program operations, and management expectations within ICE’s detention
system. Among others, the PBNDS establish standards for environmental
health and safety, including cleanliness, sanitation, security, admission into
facilities, classification, searches of detainees, segregation (Special
Management Units), and the disciplinary system. The PBNDS also contain
standards for detainee care, including food service, medical care, and personal
hygiene; activities, including religious practices, telephone access (e.g., to
families, legal representatives, and embassies), visitation (e.g., by legal
representatives); and a grievance system. The 2008 PBNDS and 2011 PBNDS
have consistent requirements in the areas in which we identified issues.
All ICE detainees are held in civil, not criminal, custody, which is not supposed
to be punitive. ICE confines detainees administratively to process and prepare
them for deportation. Some detainees held at ICE detention facilities have been
convicted of crimes, served their prison sentence, and have been transferred to
the facility awaiting deportation by ICE or an immigration court hearing. Other
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detainees have violated immigration laws and are in detention pending
resolution of their cases. Prior to detention, ICE reviews each detainee’s
criminal record and assigns a risk level of high, medium/high, medium/low, or
low. ICE bases its risk levels on the severity of past criminal charges and
convictions.
ICE ERO has 24 Field Office Directors who are chiefly responsible for detention
facilities in their assigned geographic area. ICE ERO oversees the confinement
of detainees in nearly 250 detention facilities that it manages in conjunction
with private contractors or state or local governments, as previously noted.
ERO staff are responsible for monitoring conditions of confinement at these
facilities.
When choosing the facilities to visit, we used our professional judgement and
identified those of particular concern based on Office of Inspector General (OIG)
Hotline complaints, reports from non-governmental organizations, and open
source reporting. We made unannounced visits to six facilities: Hudson County
Jail (mixed gender), Laredo Processing Center (female-only), Otero County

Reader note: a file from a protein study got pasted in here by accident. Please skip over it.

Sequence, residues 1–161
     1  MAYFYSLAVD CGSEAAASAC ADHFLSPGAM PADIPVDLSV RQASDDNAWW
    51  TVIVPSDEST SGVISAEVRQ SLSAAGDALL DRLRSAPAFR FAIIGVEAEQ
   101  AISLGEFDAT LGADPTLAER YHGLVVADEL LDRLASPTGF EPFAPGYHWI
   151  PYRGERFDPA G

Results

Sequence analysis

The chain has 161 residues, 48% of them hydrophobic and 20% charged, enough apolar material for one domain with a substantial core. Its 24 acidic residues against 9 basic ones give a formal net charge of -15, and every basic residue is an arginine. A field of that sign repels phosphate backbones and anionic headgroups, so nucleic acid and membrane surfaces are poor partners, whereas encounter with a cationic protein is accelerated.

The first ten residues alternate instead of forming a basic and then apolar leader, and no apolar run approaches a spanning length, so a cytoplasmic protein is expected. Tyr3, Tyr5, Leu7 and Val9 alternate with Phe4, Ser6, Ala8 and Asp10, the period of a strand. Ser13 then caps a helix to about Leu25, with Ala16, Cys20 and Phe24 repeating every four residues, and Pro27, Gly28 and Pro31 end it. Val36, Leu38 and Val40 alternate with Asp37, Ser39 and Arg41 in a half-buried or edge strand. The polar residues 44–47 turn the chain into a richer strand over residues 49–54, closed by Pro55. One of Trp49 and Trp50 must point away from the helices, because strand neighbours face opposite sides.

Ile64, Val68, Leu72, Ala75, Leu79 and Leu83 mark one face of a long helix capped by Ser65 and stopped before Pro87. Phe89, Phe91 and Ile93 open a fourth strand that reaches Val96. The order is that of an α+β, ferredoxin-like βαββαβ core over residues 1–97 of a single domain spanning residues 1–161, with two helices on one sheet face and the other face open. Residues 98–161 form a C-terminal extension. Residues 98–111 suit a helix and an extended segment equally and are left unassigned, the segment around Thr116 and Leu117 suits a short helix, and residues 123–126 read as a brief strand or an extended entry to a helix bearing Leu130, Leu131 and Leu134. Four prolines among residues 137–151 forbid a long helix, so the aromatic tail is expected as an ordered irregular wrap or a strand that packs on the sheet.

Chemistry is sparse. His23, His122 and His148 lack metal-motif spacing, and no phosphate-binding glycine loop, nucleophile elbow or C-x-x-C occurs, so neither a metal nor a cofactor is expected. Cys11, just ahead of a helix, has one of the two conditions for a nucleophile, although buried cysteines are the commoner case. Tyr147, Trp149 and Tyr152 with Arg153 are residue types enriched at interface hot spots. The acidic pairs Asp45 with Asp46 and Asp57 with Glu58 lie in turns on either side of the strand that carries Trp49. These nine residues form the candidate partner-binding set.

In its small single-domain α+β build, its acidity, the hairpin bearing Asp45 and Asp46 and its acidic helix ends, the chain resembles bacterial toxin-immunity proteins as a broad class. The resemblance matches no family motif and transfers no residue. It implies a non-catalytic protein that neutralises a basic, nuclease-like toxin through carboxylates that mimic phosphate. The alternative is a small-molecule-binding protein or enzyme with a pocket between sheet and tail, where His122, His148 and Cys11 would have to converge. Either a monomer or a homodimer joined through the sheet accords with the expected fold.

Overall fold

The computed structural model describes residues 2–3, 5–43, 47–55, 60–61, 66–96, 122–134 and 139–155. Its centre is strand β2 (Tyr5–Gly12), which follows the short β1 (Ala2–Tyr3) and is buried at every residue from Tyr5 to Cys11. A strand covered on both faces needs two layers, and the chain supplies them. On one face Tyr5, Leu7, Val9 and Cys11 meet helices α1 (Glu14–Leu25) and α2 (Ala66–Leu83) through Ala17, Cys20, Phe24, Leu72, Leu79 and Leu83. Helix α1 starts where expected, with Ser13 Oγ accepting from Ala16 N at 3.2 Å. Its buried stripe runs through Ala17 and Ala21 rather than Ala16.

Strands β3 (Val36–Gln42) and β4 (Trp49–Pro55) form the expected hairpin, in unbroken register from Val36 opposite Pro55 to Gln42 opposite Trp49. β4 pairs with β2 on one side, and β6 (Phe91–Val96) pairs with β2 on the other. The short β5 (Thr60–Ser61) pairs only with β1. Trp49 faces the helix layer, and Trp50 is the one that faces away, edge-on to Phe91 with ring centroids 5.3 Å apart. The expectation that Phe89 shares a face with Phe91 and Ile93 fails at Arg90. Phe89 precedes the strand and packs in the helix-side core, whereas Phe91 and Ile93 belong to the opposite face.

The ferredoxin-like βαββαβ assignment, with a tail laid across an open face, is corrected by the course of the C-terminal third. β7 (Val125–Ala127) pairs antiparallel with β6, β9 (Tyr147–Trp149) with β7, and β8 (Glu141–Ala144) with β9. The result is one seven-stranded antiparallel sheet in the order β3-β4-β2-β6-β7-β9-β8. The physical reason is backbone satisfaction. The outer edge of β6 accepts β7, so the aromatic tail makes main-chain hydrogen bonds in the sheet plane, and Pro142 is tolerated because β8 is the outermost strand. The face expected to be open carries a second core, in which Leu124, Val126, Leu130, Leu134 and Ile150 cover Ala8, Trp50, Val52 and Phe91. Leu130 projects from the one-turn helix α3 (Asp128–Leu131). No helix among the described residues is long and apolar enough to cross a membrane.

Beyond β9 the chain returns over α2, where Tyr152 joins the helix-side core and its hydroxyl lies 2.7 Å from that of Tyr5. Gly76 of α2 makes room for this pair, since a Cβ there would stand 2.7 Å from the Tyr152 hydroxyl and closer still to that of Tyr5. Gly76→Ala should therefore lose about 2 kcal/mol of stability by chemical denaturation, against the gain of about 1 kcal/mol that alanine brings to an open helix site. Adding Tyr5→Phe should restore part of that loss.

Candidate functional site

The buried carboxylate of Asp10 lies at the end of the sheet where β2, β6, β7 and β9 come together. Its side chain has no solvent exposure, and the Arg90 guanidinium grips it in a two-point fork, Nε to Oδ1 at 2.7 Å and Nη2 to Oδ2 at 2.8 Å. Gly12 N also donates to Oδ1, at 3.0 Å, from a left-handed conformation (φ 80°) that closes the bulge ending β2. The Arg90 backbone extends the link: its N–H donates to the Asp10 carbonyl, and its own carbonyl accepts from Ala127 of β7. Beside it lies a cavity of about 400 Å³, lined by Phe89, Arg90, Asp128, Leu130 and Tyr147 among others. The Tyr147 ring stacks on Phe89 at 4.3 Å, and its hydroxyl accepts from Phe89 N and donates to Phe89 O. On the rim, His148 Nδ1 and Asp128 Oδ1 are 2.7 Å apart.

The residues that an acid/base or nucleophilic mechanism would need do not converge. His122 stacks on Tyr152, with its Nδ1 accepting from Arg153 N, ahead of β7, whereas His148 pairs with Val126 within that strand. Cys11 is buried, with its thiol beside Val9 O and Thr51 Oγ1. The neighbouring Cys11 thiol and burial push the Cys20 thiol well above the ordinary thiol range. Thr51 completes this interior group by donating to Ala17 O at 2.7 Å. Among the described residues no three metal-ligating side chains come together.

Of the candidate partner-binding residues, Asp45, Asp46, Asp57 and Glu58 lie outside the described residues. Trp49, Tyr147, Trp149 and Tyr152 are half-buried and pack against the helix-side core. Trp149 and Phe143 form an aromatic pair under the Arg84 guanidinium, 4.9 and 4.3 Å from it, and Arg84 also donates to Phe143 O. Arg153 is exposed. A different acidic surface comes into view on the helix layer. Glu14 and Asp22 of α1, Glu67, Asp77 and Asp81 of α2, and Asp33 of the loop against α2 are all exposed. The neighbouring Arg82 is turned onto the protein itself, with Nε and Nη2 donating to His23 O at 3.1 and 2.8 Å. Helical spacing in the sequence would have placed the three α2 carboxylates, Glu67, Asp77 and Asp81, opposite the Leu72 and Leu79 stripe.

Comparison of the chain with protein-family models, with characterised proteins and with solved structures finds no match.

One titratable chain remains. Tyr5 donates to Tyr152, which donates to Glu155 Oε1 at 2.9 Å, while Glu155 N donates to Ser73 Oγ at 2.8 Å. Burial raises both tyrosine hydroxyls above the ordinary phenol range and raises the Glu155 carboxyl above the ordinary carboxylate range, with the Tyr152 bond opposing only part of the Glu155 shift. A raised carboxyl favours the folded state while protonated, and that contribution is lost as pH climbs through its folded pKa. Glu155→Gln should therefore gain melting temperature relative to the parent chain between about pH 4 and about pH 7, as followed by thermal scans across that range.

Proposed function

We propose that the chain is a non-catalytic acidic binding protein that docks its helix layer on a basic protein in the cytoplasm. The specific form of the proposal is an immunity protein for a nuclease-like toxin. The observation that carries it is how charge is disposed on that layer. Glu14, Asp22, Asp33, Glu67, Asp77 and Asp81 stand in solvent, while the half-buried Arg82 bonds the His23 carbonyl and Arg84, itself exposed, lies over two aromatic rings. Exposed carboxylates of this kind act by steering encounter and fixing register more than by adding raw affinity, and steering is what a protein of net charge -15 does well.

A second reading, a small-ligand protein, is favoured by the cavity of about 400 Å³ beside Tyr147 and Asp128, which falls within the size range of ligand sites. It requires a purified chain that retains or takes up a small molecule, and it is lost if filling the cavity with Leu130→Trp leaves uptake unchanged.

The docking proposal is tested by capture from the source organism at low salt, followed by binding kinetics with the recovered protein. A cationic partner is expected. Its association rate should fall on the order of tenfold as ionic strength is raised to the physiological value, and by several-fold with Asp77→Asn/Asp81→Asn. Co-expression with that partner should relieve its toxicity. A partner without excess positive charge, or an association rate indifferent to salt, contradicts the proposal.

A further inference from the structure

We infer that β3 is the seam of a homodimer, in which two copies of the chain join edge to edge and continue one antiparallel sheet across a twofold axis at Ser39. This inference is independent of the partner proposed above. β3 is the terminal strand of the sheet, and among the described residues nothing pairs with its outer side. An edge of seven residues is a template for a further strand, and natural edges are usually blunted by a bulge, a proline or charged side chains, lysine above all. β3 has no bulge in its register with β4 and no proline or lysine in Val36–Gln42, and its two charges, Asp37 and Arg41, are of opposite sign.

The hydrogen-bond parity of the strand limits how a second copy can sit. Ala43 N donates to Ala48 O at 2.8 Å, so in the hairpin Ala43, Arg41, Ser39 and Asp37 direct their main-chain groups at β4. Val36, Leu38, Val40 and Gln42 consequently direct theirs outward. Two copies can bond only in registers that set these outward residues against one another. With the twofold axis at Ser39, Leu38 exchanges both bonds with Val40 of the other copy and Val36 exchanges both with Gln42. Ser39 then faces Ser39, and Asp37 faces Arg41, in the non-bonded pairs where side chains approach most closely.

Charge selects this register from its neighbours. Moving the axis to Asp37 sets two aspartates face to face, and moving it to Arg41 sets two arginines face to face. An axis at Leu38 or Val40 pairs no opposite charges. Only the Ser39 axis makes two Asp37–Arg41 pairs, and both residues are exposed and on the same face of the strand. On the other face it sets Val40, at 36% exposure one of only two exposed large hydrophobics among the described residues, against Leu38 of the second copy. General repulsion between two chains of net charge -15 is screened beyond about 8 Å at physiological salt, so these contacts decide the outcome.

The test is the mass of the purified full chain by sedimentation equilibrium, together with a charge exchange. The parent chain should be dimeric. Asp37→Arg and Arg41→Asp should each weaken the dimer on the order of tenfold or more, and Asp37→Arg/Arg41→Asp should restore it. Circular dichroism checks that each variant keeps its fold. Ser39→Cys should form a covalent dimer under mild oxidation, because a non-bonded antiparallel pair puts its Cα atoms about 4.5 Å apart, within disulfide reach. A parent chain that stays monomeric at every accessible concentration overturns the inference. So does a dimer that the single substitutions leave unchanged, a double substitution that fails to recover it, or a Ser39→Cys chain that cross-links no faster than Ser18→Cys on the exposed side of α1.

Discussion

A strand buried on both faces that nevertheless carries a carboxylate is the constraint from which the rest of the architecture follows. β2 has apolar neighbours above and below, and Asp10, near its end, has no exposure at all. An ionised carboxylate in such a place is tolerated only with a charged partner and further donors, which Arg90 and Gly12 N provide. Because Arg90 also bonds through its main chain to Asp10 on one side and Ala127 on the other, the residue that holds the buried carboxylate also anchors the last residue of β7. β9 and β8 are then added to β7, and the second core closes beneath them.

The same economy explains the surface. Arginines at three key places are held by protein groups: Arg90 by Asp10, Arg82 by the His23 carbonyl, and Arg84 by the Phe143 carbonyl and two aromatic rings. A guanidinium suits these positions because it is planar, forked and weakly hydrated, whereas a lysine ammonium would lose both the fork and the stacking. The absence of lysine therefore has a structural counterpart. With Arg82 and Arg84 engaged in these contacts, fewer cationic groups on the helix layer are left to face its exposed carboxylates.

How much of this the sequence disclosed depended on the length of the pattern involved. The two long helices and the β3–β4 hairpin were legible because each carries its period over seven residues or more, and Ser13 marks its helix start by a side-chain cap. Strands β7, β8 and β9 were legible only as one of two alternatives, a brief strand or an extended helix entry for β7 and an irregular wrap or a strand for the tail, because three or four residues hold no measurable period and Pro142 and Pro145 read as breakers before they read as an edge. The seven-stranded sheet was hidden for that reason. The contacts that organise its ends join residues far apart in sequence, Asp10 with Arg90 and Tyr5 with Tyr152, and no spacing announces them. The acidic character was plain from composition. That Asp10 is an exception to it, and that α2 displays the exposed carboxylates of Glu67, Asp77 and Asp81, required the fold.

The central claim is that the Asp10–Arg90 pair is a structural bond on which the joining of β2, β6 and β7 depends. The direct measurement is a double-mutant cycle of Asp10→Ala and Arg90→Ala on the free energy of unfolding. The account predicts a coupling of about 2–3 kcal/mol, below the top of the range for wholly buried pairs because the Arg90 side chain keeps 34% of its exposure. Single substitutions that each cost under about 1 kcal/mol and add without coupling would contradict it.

Processing Center (male-only), Santa Ana City Jail (mixed gender), Stewart
Detention Center (male-only), and Theo Lacy Facility (male-only). 1 The Laredo
Processing Center, Otero County Processing Center, and Stewart Detention
Center are dedicated IGSAs; Hudson County Jail, Santa Ana City Jail, and
Theo Lacy are non-dedicated IGSA facilities.
At each facility, we examined the medical units; medical modular housing (for
detainees requiring more medical attention); kitchen, including food
preparation, food storage, and equipment cleaning areas; intake and outprocessing areas; Special Management Units (segregation); and modular
housing units, including individual cells. We also analyzed grievance
procedures and evaluated staff-detainee communication practices. We
interviewed detainees, ICE staff, and facility management staff at each facility.
We followed up on issues by reviewing files and documents.

1 On March 6, 2017, DHS OIG issued Management Alert on Issues Requiring Immediate Action
at the Theo Lacy Facility in Orange, California (OIG-17-43-MA). This report focuses on our
inspections of the other five detention facilities.
www.oig.dhs.gov
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OFFICE OF INSPECTOR GENERAL
Department of Homeland Security

Results of Inspection
Our inspections of five detention facilities raised concerns about the treatment
and care of ICE detainees at four facilities. Although the Laredo Processing
Center modeled quality operations, during our inspections, we identified
significant issues at the four other facilities. Overall, the problems we identified
undermine the protection of detainees’ rights, their humane treatment, and the
provision of a safe and healthy environment. Although the climate and
detention conditions varied among the facilities and not every problem was
present at all of them, our observations, interviews with detainees and staff,
and our review of documents revealed several issues. Upon entering some
facilities, detainees were housed incorrectly based on their criminal history.
Further, in violation of standards, all detainees entering one facility were strip
searched. Available language services were not always used to facilitate
communication with detainees. Some facility staff reportedly deterred detainees
from filing grievances and did not thoroughly document resolution of
grievances. Staff did not always treat detainees respectfully and professionally,
and some facilities may have misused segregation. Finally, we observed
potentially unsafe and unhealthy detention conditions.
Insufficient Protection of Detainees’ Basic Rights
Intake Issues That Could Affect Safety and Privacy
We observed some problems when detainees first arrive at facilities, which
could have repercussions for their safety throughout detention, as well as the
safety of facility staff. According to the 2011 PBNDS, upon admission (known
as intake), facility staff are supposed to expeditiously classify detainees